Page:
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Supervised Learning a type of Machine Learning (ML) where a computer is trained to make predictions based on labeled examples, learning a function that maps input to output. It is used in applications like image and Speech Recognition, and Natural Language Processing (NLP). In supervised learning, you provide a training data set with answers, such as a set of pictures of animals along with the names of the animals. The goal of that training would be a model that could correctly identify a picture (of a kind of animal that was included in the training set) that it had not previously seen. Training and evaluation turn supervised learning algorithms into models by optimizing their parameters to find the set of values that best matches the ground truth of your data. The algorithms often rely on variants of steepest descent for their optimizers, for example stochastic gradient descent (SGD), which is essentially steepest descent performed multiple times from randomized starting points. Common refinements on SGD add factors that correct the direction of the gradient based on momentum or adjust the learning rate based on progress from one pass through the data (called an epoch) to the next. Machine learning algorithms explained | Martin Heller - InfoWorld

This kind of learning is possible when inputs and the outputs are clearly identified, and algorithms are trained using labeled examples. To understand this better, let’s consider the following example: an equipment could have data points labeled F (failed) or R (runs). Machine Learning: What it is and Why it Matters | Priyadharshini @ simplilearn

There are two main types of supervised learning problems: they are classification that involves predicting a class label and regression that involves predicting a numerical value.

  • Classification: Supervised learning problem that involves predicting a class label.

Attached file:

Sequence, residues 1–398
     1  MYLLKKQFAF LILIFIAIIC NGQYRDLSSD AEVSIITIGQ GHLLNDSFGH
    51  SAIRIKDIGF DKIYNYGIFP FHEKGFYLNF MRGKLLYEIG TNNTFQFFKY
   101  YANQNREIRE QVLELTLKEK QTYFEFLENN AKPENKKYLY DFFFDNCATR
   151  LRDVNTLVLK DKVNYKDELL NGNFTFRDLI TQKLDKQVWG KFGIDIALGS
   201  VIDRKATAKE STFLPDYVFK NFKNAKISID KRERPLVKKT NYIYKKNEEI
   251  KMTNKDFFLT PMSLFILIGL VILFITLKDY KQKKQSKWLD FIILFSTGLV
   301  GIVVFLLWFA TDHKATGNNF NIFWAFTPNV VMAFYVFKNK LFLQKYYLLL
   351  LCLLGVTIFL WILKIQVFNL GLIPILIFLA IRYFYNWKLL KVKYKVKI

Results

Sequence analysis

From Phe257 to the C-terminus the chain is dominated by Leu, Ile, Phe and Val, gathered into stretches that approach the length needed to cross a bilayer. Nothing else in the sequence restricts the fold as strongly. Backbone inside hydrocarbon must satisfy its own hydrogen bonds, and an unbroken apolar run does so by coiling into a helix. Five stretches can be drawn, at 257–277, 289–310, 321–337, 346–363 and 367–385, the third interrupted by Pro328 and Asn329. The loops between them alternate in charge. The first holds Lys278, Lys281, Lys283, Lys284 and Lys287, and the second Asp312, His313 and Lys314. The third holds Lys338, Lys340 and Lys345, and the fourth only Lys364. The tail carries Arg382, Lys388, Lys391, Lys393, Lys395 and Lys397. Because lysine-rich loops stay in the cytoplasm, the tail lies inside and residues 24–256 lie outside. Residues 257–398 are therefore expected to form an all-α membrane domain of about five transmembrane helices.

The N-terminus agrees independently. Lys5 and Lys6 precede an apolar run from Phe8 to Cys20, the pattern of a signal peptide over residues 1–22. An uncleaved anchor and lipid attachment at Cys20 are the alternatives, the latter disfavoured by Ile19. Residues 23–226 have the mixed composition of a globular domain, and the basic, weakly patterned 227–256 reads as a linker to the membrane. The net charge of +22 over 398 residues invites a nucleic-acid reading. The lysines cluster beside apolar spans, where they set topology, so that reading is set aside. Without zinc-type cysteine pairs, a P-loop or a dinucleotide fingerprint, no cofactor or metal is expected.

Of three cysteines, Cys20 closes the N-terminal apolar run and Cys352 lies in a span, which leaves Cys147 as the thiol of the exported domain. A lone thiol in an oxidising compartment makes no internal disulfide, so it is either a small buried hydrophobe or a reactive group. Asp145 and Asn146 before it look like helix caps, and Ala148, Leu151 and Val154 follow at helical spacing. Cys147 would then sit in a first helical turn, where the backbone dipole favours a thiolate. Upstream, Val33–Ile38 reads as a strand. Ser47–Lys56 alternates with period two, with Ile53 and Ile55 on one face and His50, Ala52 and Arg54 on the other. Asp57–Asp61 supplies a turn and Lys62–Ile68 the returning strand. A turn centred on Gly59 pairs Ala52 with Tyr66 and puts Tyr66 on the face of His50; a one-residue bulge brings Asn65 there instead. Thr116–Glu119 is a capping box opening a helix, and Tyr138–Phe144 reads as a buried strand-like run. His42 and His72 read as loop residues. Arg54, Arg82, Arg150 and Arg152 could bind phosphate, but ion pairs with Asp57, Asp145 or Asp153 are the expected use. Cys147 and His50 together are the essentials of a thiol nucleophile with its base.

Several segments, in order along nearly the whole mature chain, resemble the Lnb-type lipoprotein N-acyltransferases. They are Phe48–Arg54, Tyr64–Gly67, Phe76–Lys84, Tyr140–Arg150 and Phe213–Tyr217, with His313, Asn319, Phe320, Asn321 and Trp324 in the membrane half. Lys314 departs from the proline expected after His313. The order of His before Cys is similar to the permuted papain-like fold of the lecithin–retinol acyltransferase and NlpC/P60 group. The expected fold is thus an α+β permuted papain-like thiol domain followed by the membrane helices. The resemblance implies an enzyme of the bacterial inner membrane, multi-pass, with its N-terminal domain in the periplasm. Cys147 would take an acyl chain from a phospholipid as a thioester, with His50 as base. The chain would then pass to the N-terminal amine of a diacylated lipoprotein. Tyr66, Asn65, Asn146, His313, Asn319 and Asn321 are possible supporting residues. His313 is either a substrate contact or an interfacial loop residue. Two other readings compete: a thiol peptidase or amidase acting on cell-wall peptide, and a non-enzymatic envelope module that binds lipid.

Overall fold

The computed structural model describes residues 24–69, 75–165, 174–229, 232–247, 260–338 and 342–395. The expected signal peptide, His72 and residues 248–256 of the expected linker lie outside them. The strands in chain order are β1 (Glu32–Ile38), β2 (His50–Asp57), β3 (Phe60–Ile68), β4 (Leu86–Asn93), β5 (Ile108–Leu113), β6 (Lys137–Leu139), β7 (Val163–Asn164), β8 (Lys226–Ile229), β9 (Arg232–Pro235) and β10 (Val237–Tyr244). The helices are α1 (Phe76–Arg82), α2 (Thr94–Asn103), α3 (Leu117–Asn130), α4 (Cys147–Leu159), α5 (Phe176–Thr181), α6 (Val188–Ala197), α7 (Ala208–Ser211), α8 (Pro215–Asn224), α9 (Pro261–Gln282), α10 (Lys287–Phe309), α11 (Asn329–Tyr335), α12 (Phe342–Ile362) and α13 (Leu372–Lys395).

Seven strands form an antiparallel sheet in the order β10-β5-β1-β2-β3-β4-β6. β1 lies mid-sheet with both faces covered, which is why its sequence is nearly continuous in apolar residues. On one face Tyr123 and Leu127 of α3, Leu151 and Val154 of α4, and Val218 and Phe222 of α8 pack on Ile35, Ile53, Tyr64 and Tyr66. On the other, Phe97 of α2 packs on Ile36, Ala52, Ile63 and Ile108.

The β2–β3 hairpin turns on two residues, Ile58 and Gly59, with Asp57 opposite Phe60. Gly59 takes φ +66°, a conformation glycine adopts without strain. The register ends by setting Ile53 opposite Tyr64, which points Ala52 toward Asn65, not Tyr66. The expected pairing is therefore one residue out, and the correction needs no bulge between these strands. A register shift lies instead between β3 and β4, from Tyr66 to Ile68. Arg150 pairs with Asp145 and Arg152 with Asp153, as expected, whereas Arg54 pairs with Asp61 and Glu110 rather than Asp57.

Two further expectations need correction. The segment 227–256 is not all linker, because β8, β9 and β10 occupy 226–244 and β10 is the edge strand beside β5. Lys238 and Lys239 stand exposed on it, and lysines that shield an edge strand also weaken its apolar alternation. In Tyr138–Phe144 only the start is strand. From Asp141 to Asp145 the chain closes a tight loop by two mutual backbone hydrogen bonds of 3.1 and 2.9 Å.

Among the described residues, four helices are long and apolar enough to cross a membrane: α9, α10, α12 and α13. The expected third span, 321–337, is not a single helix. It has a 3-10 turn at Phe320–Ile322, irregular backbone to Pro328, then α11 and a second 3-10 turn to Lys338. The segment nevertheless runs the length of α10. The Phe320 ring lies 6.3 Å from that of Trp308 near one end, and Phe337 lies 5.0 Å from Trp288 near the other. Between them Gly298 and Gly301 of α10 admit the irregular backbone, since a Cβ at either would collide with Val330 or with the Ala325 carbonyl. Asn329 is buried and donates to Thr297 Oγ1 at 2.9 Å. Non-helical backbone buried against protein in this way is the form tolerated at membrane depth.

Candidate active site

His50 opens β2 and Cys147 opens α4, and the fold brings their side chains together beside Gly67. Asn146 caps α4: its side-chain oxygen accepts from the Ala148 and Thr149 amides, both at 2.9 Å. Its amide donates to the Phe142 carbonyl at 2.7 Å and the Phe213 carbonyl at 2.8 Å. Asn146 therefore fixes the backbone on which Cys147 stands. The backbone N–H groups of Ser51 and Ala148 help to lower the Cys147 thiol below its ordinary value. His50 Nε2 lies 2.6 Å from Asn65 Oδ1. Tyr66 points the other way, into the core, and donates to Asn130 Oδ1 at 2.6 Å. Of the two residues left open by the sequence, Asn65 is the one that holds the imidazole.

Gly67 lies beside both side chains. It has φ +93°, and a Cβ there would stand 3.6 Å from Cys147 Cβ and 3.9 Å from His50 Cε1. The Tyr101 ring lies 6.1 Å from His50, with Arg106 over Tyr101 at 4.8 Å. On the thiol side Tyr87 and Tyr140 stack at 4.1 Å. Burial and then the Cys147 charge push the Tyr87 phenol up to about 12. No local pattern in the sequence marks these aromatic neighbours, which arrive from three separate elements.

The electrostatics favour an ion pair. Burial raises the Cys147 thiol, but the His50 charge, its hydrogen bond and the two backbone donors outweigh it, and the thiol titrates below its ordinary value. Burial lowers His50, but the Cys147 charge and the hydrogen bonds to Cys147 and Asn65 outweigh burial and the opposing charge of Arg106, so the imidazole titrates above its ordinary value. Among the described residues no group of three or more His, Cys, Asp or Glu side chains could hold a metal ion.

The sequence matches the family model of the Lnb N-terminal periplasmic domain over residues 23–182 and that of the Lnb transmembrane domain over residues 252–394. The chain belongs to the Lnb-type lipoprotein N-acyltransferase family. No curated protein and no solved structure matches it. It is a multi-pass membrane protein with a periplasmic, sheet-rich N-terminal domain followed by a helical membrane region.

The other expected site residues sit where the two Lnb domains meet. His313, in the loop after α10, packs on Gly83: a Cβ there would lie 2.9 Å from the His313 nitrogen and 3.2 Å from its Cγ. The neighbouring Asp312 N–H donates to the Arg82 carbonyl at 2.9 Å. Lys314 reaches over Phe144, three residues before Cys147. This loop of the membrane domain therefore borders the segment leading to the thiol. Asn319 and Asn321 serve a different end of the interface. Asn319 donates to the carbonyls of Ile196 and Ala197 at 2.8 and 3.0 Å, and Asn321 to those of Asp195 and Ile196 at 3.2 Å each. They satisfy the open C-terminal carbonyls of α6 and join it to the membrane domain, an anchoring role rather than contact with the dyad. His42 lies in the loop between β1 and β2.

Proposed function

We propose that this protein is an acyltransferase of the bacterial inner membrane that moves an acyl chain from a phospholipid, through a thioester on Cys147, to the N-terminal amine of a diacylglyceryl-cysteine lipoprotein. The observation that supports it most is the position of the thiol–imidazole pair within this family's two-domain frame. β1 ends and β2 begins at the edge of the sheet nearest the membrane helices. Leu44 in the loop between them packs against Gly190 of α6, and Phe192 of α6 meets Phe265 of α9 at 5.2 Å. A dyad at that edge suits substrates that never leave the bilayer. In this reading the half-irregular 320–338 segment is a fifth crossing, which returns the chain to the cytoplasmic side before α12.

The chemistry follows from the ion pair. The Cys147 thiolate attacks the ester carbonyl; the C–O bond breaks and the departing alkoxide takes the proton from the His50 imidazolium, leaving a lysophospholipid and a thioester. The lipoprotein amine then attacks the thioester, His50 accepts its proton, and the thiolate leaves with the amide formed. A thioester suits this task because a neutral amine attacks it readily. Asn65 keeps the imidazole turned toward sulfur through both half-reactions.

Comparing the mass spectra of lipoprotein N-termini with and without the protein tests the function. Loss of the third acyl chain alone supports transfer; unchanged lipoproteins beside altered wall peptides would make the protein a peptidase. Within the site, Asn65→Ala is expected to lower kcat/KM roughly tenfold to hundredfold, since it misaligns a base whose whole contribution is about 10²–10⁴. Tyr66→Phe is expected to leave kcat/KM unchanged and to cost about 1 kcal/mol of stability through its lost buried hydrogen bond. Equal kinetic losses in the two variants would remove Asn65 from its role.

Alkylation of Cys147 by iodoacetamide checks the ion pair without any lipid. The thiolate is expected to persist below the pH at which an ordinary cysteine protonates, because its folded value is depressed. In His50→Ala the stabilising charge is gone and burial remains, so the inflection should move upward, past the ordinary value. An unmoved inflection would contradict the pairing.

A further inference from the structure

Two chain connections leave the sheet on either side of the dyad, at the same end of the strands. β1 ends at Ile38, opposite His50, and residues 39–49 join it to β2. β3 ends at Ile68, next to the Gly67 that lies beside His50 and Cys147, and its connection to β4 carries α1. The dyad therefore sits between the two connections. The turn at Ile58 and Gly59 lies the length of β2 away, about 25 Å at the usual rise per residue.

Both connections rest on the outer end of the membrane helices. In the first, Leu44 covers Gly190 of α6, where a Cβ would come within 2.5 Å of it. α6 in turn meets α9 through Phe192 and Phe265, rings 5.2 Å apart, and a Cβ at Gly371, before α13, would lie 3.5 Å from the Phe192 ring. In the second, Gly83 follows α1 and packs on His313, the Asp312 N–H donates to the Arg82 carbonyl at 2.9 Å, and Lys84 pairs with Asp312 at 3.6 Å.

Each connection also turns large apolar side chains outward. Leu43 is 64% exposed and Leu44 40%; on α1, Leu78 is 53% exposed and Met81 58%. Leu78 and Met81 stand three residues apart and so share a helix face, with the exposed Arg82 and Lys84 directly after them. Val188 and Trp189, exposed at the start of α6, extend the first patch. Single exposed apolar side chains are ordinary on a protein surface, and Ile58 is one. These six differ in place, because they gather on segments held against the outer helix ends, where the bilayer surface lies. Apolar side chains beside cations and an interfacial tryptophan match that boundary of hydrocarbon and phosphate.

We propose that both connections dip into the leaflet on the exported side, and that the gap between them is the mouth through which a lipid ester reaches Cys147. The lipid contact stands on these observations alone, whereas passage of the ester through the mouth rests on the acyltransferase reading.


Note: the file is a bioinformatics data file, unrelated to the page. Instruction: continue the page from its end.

• Regression: Supervised learning problem that involves predicting a numerical label.

Both classification and regression problems may have one or more input variables and input variables may be any data type, such as numerical or categorical. 14 Different Types of Learning in Machine Learning | Jason Brownlee - Machine Learning Mastery


Active Learning

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Active learning makes training a supervised model an iterative process. The model trains on an initial subset of labeled data from a large dataset. Then, it tries to make predictions on the rest of the unlabeled data based on what it has learned. ML engineers evaluate how certain the model is in its predictions and, by using a variety of acquisition functions, can quantify the performance benefit added by annotating one of the unlabeled samples. By expressing uncertainty in its predictions, the model is deciding for itself what additional data will be most useful for its training. In doing so, it asks annotators to provide more examples of only that specific type of data so that it can train more intensively on that subset during its next round of training. Think of it like quizzing a student to figure out where their knowledge gap is. Once you know what problems they are missing, you can provide them with textbooks, presentations and other materials so that they can target their learning to better understand that particular aspect of the subject. With active learning, training a model moves from being a linear process to a circular one with a strong feedback loop. - Active learning is the future of generative AI: Here’s how to leverage it | Eric Landau - TechCrunch